Developing Employees From the Ground Up

Regardless of the type  of franchise you own, developing your employees is going to be one of your most important functions as a leader.

How do I know this?

I start with my own personal experience.  I started off as a frontline sales representative and now I’m heading an organization with more than 230 people. I was  able to get here because the organization I work for believes in giving employees the tools they need  to get where they want to go – if training in a certain area can help you advance, they want you to take it.  As a franchise owner, whether you’re managing high level professionals or people just starting out in their careers – maybe even in their first jobs – your willingness to develop their skill sets and help them move up will be good not only for their futures, but for your business.

In a recent survey from CareerBuilder, one in five workers said they plan to change jobs in 2014, and 45 percent said it was because they are dissatisfied with advancement opportunities at their current company. Of those people happy with their jobs, one in three said it’s because they have a “boss who watches out” for them.

What it really means to Develop Someone

Career advancement doesn’t always come in the way of a big promotion. Sometimes it comes in the addition of a new skill or a whole new area of responsibility that makes them ore valuable to your
company, and gives them an opportunity to move forward in their careers. Does this make them more likely to leave your company? Maybe eventually, but think of it this way: if they’re not learning in the first place, they’re likely going to look for something else.

The other part of advancement is going from a frontline employee – someone who simply executes someone else’s direction – to having some management and strategic responsibilities. It’s great to have well-trained employees who can execute your franchise’s business plan. However, as the franchise grows you’re going to want to give some the ability to do more than that. Maybe they’re managing one employee or one small part
of your business, but it’s something for them to build upon, as well as relief for you.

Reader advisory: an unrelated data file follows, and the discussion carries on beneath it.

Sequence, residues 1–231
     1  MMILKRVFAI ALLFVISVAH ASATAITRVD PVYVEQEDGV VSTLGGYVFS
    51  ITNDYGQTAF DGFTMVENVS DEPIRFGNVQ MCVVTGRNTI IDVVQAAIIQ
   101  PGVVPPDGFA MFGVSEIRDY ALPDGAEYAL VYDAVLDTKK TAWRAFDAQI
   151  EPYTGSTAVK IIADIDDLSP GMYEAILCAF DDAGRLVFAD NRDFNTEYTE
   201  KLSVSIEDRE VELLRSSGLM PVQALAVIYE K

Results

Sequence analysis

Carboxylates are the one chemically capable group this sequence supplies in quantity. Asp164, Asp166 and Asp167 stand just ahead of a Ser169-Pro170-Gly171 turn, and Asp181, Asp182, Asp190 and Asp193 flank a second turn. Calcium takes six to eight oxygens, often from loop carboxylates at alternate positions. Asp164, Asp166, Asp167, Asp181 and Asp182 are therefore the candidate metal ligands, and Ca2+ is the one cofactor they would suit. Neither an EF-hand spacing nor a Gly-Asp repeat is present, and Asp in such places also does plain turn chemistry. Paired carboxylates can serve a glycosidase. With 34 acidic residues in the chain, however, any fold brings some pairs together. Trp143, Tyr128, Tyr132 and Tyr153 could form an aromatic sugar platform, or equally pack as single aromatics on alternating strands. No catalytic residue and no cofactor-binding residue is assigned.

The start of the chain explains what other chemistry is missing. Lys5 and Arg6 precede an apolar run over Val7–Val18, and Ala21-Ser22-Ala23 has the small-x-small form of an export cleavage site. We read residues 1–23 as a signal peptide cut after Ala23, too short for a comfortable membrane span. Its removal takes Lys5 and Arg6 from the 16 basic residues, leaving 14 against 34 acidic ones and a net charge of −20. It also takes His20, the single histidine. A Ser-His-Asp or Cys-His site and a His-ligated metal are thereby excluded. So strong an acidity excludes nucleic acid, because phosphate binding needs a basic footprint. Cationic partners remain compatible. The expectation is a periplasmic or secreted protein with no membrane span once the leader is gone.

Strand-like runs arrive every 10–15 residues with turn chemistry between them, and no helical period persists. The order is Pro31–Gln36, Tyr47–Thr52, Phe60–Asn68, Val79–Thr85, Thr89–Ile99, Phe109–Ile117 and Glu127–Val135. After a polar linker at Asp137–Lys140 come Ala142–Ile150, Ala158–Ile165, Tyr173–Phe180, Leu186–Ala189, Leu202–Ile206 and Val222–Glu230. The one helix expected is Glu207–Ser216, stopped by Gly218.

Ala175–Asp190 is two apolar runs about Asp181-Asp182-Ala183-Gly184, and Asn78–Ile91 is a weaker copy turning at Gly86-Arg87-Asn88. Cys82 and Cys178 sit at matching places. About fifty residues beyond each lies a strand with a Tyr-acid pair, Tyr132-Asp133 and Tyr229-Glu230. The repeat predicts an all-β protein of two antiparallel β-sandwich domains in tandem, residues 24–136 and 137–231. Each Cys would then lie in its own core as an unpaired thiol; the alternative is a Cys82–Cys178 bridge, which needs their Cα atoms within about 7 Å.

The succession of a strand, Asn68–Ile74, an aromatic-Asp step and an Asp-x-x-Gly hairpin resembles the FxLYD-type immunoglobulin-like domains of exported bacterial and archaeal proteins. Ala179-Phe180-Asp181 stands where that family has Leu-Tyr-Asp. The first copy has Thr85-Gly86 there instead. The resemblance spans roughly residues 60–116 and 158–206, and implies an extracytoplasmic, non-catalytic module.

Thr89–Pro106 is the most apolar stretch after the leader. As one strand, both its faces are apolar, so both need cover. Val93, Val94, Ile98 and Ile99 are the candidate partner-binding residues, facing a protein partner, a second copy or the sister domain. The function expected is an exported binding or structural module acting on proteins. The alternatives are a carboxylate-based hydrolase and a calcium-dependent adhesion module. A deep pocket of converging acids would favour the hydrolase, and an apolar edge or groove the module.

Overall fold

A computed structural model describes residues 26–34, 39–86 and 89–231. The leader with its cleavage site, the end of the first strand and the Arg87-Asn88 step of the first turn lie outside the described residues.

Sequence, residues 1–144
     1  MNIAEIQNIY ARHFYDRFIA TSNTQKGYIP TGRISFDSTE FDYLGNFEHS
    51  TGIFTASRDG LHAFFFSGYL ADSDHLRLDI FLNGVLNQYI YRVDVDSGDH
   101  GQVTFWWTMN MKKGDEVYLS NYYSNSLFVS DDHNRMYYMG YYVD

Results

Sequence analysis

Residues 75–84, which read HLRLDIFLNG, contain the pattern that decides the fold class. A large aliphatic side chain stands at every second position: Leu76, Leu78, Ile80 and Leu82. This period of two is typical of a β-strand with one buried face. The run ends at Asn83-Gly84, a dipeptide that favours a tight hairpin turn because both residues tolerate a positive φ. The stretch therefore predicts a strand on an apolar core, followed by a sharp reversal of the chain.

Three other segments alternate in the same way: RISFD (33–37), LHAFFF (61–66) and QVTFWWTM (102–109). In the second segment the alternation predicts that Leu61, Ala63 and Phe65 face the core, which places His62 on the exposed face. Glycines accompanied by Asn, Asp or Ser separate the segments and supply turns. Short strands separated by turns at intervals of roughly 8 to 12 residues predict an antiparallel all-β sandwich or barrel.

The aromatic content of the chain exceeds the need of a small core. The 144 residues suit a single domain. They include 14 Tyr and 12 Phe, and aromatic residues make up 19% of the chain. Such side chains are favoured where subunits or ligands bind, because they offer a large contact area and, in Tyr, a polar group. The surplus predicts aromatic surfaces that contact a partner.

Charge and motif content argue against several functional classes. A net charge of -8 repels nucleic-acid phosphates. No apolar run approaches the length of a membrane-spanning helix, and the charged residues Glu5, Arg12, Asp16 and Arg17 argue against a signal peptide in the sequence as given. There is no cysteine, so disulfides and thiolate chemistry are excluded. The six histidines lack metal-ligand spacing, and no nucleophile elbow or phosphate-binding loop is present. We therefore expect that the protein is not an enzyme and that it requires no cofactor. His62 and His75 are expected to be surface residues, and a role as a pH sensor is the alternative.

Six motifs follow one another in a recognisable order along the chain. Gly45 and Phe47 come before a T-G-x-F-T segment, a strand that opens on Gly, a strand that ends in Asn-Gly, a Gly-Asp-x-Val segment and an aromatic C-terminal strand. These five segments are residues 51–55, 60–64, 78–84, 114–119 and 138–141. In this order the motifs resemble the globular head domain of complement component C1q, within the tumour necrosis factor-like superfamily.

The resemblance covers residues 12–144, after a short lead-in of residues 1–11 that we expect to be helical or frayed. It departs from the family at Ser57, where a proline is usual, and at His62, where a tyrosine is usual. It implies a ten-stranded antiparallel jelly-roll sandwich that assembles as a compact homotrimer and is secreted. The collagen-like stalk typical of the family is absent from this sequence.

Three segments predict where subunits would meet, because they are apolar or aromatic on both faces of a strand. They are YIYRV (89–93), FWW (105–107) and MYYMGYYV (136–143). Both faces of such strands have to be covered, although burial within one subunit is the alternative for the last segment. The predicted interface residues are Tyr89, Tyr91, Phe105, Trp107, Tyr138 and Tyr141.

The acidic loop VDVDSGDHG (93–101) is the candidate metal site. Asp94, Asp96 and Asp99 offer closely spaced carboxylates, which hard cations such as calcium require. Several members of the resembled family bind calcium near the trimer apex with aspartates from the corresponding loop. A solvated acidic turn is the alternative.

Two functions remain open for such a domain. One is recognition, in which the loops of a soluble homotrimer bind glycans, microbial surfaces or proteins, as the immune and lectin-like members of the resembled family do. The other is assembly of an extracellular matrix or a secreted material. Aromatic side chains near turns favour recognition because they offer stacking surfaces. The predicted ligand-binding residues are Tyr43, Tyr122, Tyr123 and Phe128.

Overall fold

One on one conversations 

To get the most out of your employees and give them the most value for working under you, you have to have real conversations with them. Find out not just what they’re capable of, but what  they  “of those people happy with their jobs, one in three said it’s because they have a “boss who  want to do. How else can they help you besides just what you hired them for?

Having frank conversations with the people who work for you will also tell you the most about your business. What’s making customers unhappy? Where are the biggest inefficiencies? How is morale? Building that personal rapport with your staff will give them the freedom to come to you as well. Sometimes the best opportunities for employees are the ones they create themselves, coming to you as the leader and letting you know where they can and want to improve.

The value of Learning 

Yes, a paycheck is important, but it’s far from the only way to maximize employee engagement. I believe what really drives employees is the ability to learn, grow and change. As a franchisee, you know that having  ownership in a business is a special thing. Your workers want to feel that ownership too.

The more you can build them up, the greater the chances they’ll work hard and be engaged. And when it’s time to hire new employees, you’ll have begun building  the reputation as a great place to work,  because of the interest you take in the  watches out” for them.” people working for you.

Andy Roe is the General Manager of  SurePayroll, Inc., a Paychex Company. SurePayroll is the trusted provider of easy online payroll services to  small businesses nationwide. SurePayroll compiles data from small businesses nationwide through its Small Business Scorecard optimism survey, and exclusively reflects the trends affecting the nation’s “micro businesses” — those  with 1-10 employees.

You can follow  Andy on Twitter @AndrewSRoe.

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